Every now and then a film gets released that blurs the boundaries between simply enjoying it and evaluating it. Do you rate it solely on your enjoyment? Or do you analyse each structural element and come to a rational judgement? Welsh director Gareth Evans’ Indonesian “block-buster” The Raid happens to be that film. Simply put, The Raid is a turbo-charged, violent and magnificent piece of action cinema, that while light on narrative and character development, brings a well needed revamp to the stodgy grounds the genre has found itself on.
The story is simple. Set in an apartment complex in the slums of Jakarta, a SWAT team have been set the task to infiltrate the “safe house” where drug dealers, gangsters and murderers reside. Their objective is to arrest Tama (Ray Sahetapy), the most notorious of the bunch. But little do they know, it’s a trap! Narratively speaking,The Raid is barebones. Evans clearly hasn’t invested a considerable amount of time in the construction of a complex plot with rich characters and ground-breaking Indonesian dialogue. To be brutally honest, apart from the revelations during the course of its runtime, the film’s premise is pretty much summed up in the ‘Mission Briefing’ scene, or even in the title. Meanwhile the minor semblances of character development are conveyed in 2 minute introductions that loosely define each personality. For example, our hero Rama (Iko Uwais) gets a “suit up” montage and kisses his pregnant wife goodbye in the opening sequence. Similarly shallow, the villain Tama’s entrance is through his brutal execution of 4 men, which sets the tone for the entire film. Undeniably there’s not a lot of substance, and what is there is rather cliché. But that’s not the film’s paramount concern.
The Raid is first and foremost an action film, and this is where it undoubtably excels. Evans showcases some of the most impressive fight choreography of the last decade, in which every sequence attempts to surpass the previous one. The Indonesian martial arts of Pencak Silat is a breathtaking and brutal blend of bone-fracturing hits and sheer vigour, that constantly highlight the inadequacies of its mere mortal audience. Coupled with shootouts and some of cinema’s most intense knife-fights, The Raid is savage in its approach to astonish and entertain.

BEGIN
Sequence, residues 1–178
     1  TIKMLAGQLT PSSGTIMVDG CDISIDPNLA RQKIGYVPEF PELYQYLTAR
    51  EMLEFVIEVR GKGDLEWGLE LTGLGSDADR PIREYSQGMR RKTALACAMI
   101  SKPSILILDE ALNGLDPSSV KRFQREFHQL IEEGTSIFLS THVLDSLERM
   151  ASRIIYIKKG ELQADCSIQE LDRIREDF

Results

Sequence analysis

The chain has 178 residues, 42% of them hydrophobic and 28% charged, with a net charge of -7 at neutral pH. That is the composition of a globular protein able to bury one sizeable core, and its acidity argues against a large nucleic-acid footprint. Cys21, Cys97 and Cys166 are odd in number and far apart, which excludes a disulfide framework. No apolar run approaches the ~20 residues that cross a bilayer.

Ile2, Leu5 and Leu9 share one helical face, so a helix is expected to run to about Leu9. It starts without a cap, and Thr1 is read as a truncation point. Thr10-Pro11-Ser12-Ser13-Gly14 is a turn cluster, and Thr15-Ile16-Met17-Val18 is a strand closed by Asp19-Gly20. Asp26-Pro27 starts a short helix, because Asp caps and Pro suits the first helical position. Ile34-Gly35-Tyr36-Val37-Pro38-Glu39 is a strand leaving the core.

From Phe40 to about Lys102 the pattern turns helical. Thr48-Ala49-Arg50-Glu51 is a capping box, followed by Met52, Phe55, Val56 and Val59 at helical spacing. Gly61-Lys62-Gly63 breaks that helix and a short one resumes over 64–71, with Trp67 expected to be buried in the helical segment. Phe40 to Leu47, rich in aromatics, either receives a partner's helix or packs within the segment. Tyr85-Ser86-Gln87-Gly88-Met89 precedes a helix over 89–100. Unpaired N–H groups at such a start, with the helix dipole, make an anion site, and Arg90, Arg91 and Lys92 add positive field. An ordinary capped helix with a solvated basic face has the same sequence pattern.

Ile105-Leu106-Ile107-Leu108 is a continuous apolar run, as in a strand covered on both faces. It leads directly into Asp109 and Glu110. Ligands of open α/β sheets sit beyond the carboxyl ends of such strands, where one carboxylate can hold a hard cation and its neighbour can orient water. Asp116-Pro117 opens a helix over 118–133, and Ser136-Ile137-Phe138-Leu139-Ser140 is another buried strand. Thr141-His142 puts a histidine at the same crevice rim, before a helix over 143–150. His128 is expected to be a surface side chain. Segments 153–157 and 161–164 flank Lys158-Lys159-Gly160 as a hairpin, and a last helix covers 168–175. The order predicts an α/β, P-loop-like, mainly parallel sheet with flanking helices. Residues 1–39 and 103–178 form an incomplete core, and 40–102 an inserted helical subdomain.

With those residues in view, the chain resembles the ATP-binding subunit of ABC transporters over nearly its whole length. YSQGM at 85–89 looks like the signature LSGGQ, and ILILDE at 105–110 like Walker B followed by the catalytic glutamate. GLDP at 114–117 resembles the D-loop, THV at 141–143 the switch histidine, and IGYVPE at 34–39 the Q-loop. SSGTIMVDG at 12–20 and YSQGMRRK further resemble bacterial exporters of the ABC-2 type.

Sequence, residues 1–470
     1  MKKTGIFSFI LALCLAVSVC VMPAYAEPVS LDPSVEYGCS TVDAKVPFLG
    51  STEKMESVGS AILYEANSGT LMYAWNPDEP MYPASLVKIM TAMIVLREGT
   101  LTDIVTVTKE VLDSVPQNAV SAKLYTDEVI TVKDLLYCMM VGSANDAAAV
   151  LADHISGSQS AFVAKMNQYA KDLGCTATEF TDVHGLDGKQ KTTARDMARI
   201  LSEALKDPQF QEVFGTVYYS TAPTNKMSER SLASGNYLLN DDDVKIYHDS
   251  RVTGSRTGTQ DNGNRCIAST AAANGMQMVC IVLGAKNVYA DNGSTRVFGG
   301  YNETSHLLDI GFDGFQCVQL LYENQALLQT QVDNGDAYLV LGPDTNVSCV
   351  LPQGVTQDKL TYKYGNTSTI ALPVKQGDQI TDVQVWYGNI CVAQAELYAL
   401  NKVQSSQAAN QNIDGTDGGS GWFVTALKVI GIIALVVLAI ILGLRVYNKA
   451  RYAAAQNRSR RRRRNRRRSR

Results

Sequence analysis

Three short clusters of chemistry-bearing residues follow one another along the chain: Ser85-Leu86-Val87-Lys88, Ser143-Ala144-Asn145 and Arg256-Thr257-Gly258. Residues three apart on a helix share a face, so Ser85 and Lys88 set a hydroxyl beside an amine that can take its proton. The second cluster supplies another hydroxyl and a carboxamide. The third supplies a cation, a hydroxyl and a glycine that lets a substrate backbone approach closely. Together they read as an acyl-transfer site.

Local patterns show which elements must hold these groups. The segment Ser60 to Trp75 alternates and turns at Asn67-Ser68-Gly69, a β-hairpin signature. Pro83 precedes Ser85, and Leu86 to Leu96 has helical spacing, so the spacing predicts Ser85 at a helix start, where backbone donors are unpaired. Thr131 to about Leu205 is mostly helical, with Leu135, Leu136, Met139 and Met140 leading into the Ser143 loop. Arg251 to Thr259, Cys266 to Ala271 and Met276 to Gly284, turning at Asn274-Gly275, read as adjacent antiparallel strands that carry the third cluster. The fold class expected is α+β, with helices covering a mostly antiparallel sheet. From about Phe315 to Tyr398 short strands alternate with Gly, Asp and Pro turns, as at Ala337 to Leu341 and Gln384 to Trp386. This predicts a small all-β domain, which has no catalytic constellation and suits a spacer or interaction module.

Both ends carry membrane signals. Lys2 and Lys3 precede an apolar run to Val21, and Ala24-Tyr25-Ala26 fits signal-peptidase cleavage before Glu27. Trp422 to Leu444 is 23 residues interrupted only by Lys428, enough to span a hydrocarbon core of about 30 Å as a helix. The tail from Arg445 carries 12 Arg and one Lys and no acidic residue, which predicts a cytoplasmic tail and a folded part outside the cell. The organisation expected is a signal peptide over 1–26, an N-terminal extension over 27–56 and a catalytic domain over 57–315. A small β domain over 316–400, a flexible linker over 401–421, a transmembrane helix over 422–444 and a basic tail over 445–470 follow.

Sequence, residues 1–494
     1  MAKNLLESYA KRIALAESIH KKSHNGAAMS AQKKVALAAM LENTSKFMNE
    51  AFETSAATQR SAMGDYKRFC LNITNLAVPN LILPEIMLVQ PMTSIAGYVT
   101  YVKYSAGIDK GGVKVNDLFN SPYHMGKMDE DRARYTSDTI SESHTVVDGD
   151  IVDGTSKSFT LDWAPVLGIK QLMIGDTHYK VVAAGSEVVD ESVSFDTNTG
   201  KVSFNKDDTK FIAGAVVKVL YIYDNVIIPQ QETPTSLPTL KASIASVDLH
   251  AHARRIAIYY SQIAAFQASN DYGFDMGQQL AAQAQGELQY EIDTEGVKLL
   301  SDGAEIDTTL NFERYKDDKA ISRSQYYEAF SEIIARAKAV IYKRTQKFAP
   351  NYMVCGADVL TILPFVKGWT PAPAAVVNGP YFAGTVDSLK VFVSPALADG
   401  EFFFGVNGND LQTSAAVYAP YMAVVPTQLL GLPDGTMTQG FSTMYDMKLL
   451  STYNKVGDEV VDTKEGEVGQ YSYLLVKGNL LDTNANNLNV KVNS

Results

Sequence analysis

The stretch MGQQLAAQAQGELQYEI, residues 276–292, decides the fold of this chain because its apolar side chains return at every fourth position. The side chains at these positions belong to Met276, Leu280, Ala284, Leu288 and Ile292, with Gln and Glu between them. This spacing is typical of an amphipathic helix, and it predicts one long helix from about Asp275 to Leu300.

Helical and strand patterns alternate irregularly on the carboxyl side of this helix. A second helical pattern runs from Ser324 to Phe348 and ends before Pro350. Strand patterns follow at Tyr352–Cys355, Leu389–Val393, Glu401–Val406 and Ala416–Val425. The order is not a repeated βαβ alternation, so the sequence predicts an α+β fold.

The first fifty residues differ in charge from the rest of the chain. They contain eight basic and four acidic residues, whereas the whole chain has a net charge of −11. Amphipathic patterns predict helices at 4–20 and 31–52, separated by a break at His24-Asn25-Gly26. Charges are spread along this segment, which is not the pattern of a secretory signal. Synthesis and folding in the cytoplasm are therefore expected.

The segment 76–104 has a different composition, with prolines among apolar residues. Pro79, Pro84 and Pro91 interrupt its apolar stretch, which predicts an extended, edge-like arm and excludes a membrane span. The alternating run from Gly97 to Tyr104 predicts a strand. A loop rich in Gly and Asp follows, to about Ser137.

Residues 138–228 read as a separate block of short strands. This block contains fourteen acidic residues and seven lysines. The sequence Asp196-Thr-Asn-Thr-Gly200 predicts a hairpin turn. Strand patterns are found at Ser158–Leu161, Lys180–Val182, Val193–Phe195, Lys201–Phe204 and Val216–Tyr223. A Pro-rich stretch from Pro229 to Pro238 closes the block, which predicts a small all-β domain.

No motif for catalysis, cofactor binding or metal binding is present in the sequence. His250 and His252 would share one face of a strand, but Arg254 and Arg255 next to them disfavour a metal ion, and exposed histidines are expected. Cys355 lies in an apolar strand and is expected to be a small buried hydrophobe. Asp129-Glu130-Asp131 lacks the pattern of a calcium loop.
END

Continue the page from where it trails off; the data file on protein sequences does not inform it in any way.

Alongside the stunt-team, a lot of credit has to go to cinematographer Matt Flannery and Evans himself in the general direction and editing of the film. While the “shaky-cam” approach unfortunately weaves its way into a few of the brawls, a range of camera angles and techniques bring a dynamic nature and flow to each segment. Meanwhile slow motion is thankfully limited to one-off moments and therefore allows the film to remain at its constant breakneck pace. The visual and audio composition of The Raid isn’t as artistically compelling, but manages to convey the film’s gritty and aggressive personality. The blank sets and enclosed locations frame and focus the action perfectly, while providing a bleak and surprisingly intimidating atmosphere. The audio design is exceptionally punchy and fearsome in its endeavour to make every punch and stab feel vicious and forceful. Simultaneously, the film’s score by Mike Shinoda and Joe Trapanese successfully captures the fast-paced nature of the onscreen violence, though it’s nothing particularly special.
Overall The Raid is a visceral, ferocious and highly entertaining piece of action cinema. Gareth Evans has created a film with a brutal temperament and with the sole aim of blowing the audience’s minds! If The Raid is to be judged on story, characters, and script then it would fall dramatically short. But as an action film, then without a doubt this is one of the best of the last decade.